This article is perhaps more complicated than some that might appear in Testosterone. Hey, no one ever said this stuff was easy; if it was, everybody would do it! With that in mind, I strongly urge those of you who aren't science-types to limp through it. The underlying message and the fairly specific instructions given at the end are important – important, that is, if you give a damn about altering your body composition and are willing to make just a few simple dietary modifications to make it happen.

My name is Eric, and I'm a skinny little endurance athlete. Specifically, I'm a skinny little asthmatic cyclist. Before you click off this article, fearing that you might somehow "catch" what I have and become a skinny little endurance athlete too, let me tell you this. I know how you can safely increase your metabolic rate and increase your capacity to burn fat simply by changing your diet.

I thought that might catch your attention.

Before I pass this wisdom on to you, let me first tell you the story of how I started down my current research path.

A few years ago, I moved to London, Ontario to finish up my Ph.D. Only problem is, London is an absolutely horrible place to be an asthmatic cyclist. The roads are poorly maintained and none of them have shoulders. To make matters worse, I have to share these roads with some of the most inconsiderate human beings to ever drive a car. Riding a bike here is literally an independent risk factor for all causes of mortality. Then there's the science experiment they call air here in southern Ontario. The air quality is so bad in the summer that I have no chance of controlling my asthma when I ride – no matter how heavily medicated I am. As a result of this, my training volume dropped off significantly. And even worse, when I did drag my lazy butt off the couch, my asthma kept me from training hard.

After a year of living in my own personal hell, I became fat and slow – literally. For the first time in my life I was in the double digits for body-fat percentage. Like every good American, I just assumed that the measurements were wrong and started on a steady regimen of denial and refusal. I continued to enter my gelatinous butt in the occasional race, but the funny thing is when you stop training seriously and get fat, you usually get your butt kicked by guys who have no right to be taking a swing at your butt. During one of my many beatings, I had an asthma attack that I couldn't get under control no matter what I tried. I dropped out of the race and spent a fun-filled night in the emergency room. That was the final straw.

Determined to find a way of dealing with my asthma, I started doing a lot of reading on exactly what happens when you have an asthma attack. I found out that there's a family of chemicals called eicosanoids that are produced in response to the stimuli that causes the attack. These eicosanoids are produced from fats found in your cell membranes. The eicosanoids that are formed have different chemical properties depending on what type of fat is incorporated into them. To make a long story slightly shorter, omega-6 fatty acids are very pro-inflammatory (asthma and allergies are mainly a disease of inflammation), whereas omega 3 fatty acids (those found in fish oils) are not. Well, I quickly switched my diet. I tried to completely eliminate omega-6 fatty acids and eat as much omega-3 fatty acids as I could.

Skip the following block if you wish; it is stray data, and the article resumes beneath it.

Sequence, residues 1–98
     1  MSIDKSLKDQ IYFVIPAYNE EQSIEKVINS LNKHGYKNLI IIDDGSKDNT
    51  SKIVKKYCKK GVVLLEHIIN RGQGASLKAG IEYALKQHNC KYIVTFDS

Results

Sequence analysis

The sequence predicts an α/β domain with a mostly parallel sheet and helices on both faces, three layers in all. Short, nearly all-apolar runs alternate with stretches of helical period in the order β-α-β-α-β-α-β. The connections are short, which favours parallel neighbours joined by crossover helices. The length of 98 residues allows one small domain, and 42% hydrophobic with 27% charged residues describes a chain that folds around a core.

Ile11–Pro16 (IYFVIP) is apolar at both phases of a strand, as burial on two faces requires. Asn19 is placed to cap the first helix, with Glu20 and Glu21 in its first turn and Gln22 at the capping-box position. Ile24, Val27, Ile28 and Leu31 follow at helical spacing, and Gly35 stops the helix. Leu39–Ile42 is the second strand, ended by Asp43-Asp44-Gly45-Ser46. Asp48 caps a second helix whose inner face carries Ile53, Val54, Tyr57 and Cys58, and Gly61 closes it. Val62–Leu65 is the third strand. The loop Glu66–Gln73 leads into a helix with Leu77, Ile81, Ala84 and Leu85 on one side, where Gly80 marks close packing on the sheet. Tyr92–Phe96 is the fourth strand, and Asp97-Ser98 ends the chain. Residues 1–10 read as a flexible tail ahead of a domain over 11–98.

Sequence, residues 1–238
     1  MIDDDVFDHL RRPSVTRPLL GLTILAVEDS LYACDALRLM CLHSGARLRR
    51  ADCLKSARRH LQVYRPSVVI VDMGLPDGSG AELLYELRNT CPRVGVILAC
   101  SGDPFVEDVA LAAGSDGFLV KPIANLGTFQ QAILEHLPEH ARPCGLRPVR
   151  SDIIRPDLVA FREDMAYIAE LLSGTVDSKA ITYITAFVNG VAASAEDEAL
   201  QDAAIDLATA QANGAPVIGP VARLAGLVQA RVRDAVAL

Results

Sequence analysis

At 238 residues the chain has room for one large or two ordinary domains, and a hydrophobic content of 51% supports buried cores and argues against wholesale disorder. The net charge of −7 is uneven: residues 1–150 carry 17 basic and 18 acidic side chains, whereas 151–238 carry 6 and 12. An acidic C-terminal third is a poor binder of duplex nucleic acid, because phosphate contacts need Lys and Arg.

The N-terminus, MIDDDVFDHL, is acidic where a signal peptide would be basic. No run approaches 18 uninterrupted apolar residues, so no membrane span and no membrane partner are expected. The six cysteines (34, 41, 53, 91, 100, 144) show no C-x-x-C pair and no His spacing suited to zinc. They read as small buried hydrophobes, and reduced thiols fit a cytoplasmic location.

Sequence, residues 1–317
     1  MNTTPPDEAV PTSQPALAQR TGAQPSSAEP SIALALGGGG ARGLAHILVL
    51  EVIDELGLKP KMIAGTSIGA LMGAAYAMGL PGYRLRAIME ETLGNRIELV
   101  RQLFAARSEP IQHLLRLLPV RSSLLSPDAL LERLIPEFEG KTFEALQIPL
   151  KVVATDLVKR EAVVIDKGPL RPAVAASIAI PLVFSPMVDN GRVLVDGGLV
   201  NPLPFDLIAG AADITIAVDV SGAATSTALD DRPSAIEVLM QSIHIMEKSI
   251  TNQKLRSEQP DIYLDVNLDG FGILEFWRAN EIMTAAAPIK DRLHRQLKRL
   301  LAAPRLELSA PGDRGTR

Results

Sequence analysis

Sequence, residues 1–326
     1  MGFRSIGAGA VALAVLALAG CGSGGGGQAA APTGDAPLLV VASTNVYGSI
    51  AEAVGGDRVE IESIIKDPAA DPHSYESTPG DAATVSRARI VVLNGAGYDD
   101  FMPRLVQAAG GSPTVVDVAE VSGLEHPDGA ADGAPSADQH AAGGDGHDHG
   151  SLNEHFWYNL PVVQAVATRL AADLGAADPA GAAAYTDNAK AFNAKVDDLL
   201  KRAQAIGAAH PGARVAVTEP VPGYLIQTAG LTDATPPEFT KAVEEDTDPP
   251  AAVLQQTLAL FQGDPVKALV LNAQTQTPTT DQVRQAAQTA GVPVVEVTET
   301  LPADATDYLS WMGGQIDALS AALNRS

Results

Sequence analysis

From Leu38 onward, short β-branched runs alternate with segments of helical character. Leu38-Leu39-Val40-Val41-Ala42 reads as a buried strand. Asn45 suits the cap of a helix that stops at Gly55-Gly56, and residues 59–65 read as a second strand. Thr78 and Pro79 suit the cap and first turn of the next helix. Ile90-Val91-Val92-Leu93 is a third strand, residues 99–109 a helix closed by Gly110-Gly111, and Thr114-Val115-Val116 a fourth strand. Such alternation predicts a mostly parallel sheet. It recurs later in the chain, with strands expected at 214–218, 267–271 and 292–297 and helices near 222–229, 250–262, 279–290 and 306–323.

So what does all this have to do with increasing your ability to burn fat? Without trying, or even noticing, I got very lean again. My training didn't change that much, and if anything I was taking in more calories with all the oil supplements I was using. But I lost the ten plus pounds I had put on. Initially I didn't think too much about it, but then it started to dawn on me that something pretty significant had occurred. Around this time I accidentally stumbled across some studies that had shown that rodents fed a diet rich in omega 3 fatty acids were significantly leaner than rodents that had received the same amount of calories rich in another type of fat. And there it was. The explanation for my return trip to the land of the lean.

How the different types of fat add up

So how can omega-3 fatty acids make you lean? Well, let's first take a time out for a definition.

As I'm sure you're all aware, fatty acids are usually lumped into one of three categories – saturated, monounsaturated, or polyunsaturated. These categories are based on the number of double bonds found along the carbon chain. Saturated fatty acids have all their carbons "saturated" with a hydrogen molecule and therefore have no double bonds in their structure. Monounsaturates, as the name would imply, have one double bond somewhere in the carbon chain.

Now if you've been following along, you probably already guessed that polyunsaturates have two or more double bonds somewhere along their carbon chain. So where do omega-3 fatty acids fit into this picture? Well, omega-3 fatty acids are a special type of polyunsaturated fatty acid. All omega-3 fatty acids have a common landmark that differentiates them from the other types of polyunsaturated fatty acids. Specifically they have their first double bond exactly 3 carbons from the methyl group.

There are several different omega-3 fatty acids. The mother of all the omega-3 fatty acids is called alpha-linolenic acid (LNA). This fatty acid can be metabolized (elongated and desaturated) in the body to form several other omega-3 fatty acids. The two most talked about omega 3s that are made from LNA are eicosapentaenoic acid (EPA) and docosahexaenoic acid (DHA). Many people believe that EPA and DHA are more biologically active in the body than LNA, so that's why some people, like John Berardi, are always harping on you about them.